For the week December 16, 2017 / 28 Kislev 5778
Mi-Kez & Hanukkah
Torah: Bereshit/Genesis 41:1 – 44:17; Bemidbar/Numbers 7:30 – 41
Haftarah: Zechariah 2:14 – 4:7 (English: 2:10 – 4:7)
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Joseph was thirty years old when he entered the service of Pharaoh king of Egypt. And Joseph went out from the presence of Pharaoh and went through all the land of Egypt. (Bereshit/Genesis 41:46)
The story of Joseph is one of the greatest “rags to riches” tales of all time. Sold into slavery by his own brothers due to their murderous jealously, he is purchased by an Egyptian captain named Potiphar. After refusing to give into Potiphar’s wife’s advances, she frames him, resulting in his spending years imprisoned in a dungeon. In both situations, Joseph is given significant responsibility. Be that as it may, few can comprehend how difficult those many years must have been, especially his time in the dungeon.
As we know, due to the predictive dreams Joseph had before his enslavement, God had big plans for him. How it would be that he would rise to some sort of rulership position over his family someday was unknown. We also don’t know what was going on in Joseph’s mind all that time. Whatever he figured the dreams meant, it must have seemed impossible given his predicament.
Then the surprising day came. Pharaoh, king of Egypt, having heard of Joseph’s ability to interpret dreams, called him to attempt to explain the meaning of two most troubling dreams he had. Pharaoh was pretty impressed with what he heard and appointed Joseph second in command over the whole country. Joseph’s main responsibility was to administer grain during the coming years of plenty and the subsequent famine.
It was only recently that I thought to myself, if Joseph was given such authority, why didn’t he go see his family? While he may have had no interest in his jealous brothers, we know he was concerned for his father and had a heart for his younger brother, Benjamin, who likely had no part in the plot against him. If he was concerned about his older brothers, he could have brought along an armed guard for protection. And why settle for a visit? Now that he was freed from prison, why stay in Egypt at all? Was it for the job? It’s not every day you’re offered anything close to Vice-Pharaoh with its prestige and other benefits. What would he do back home anyway? Be a shepherd? And with the coming famine, maybe staying in Egypt wouldn’t be too bad after all. Then again, why not at least visit?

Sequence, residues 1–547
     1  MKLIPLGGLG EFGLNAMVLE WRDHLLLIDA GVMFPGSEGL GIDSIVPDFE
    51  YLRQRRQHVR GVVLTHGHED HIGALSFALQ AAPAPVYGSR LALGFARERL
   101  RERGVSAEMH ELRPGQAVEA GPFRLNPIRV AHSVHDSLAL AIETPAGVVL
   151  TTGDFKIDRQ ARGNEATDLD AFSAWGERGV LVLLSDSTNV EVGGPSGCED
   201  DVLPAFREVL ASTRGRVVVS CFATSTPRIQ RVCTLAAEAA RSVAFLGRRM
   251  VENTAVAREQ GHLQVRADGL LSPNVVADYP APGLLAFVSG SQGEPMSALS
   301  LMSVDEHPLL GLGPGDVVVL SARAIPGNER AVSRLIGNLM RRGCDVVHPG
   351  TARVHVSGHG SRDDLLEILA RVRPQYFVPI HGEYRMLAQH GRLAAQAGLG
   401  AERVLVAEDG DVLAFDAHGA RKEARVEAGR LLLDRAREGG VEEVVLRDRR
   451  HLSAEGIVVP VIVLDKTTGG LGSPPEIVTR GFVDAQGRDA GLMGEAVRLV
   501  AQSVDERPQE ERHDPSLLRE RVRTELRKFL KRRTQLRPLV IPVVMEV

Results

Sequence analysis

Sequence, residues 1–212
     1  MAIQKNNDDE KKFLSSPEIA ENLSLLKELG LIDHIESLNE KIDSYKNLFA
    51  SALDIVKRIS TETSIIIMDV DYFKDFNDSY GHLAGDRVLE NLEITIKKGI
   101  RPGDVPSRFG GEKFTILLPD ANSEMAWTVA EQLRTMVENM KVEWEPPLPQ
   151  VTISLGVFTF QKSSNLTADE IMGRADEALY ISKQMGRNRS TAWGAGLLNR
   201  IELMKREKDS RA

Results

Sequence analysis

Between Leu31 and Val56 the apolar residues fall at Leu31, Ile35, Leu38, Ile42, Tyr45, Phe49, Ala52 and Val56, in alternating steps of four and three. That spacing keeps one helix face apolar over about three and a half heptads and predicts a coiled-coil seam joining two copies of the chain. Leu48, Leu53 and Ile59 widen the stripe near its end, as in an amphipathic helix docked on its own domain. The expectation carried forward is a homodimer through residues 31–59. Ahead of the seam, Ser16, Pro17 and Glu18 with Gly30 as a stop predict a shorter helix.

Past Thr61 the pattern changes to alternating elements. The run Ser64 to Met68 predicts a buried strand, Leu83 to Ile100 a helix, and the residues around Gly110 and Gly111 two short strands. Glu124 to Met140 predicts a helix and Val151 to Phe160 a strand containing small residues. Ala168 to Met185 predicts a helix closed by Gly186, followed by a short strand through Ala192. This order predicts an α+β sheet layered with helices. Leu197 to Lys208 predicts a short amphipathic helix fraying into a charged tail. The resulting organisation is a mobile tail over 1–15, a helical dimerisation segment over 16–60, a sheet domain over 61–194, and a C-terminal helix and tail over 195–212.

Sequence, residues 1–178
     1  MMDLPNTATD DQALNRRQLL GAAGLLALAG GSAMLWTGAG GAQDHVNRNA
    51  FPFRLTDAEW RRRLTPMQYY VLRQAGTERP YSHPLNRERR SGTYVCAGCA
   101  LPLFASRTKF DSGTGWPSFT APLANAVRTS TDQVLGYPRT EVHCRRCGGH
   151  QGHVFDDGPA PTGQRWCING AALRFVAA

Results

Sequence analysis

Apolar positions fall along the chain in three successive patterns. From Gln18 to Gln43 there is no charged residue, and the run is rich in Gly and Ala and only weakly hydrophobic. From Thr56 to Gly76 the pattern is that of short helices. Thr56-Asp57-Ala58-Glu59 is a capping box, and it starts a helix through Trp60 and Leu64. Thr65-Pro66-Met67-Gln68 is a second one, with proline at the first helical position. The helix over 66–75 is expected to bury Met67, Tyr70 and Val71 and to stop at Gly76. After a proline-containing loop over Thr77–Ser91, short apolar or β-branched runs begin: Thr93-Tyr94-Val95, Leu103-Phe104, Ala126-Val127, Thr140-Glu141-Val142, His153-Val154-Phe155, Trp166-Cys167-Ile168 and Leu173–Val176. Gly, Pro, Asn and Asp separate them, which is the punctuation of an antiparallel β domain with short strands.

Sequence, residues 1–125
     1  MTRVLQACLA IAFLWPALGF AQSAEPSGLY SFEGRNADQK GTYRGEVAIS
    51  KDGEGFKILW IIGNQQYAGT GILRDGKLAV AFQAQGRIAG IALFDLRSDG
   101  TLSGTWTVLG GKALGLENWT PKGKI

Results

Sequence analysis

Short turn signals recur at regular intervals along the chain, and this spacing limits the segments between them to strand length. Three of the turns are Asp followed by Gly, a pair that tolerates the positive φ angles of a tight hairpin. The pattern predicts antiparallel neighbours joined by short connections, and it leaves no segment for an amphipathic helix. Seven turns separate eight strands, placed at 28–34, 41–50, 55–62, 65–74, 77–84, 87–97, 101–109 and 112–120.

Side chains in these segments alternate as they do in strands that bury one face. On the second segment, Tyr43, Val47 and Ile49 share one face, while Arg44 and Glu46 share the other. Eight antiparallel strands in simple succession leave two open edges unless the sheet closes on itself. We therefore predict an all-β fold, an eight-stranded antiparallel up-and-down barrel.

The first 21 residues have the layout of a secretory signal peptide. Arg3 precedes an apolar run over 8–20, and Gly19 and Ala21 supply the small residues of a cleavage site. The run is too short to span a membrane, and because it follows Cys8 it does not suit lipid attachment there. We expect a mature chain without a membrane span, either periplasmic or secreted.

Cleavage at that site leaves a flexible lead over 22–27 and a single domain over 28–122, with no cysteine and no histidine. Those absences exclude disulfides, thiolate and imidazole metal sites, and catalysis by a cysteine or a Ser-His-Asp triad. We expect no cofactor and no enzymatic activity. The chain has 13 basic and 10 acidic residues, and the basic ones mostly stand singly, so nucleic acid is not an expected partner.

Then it occurred to me, he couldn’t go home even if he wanted to. Pharaoh didn’t offer him a job; he appointed him to it. Pharaoh’s authority over Joseph wasn’t simply due to his being king, but that Joseph was still a slave. He was released from prison, but nowhere do we read he was made a free man. I imagine his life of service under Pharaoh was far more comfortable than most non-slaves anywhere in those days. But whatever perks he enjoyed, personal freedom was not one of them.
Looking at Joseph’s circumstances through a modern lens, we might determine that no perk could ever be a substitute for freedom. However, besides misunderstanding how difficult life must have been for people in those days, we also misunderstand the very essence of our God-given roles as human beings. When God created man and woman, he assigned them, and everyone else since then, to care for the creation under his rulership. A key theme of the Bible’s story is the broken nature of the world due to human refusal to submit to God’s established authority structure. We were designed to be servants, fulfilling God’s call in our lives as stewards of his creation. Never were we to be free to do whatever we wanted. This doesn’t mean that anyone should be subjected to slavery. That’s clear by both God’s providing moral freedom to Adam and Eve as well as the liberation of the nation of Israel in Egypt some generations after Joseph. Still, while slavery is an unjust, evil institution, we are to be servants.
Absolute personal freedom doesn’t exist in the real world. Whether we like it or not, we are part of a vast interconnected, complex system of life. In the design of God, our role is to serve his interests within that system, making positive contributions in the world. Yet it seems most people choose to serve their own interests instead; many creating the illusion that they are free, not realizing that they are being controlled by nefarious forces.
In 1979, singer-songwriter Bob Dylan got it right in his song “Gotta Serve Somebody”:
You’re gonna have to serve somebody
Well, it may be the devil or it may be the Lord
But you’re gonna have to serve somebody
Like Joseph, we’re gonna serve somebody. The only question is: who is it going to be?
Scriptures taken from the English Standard Version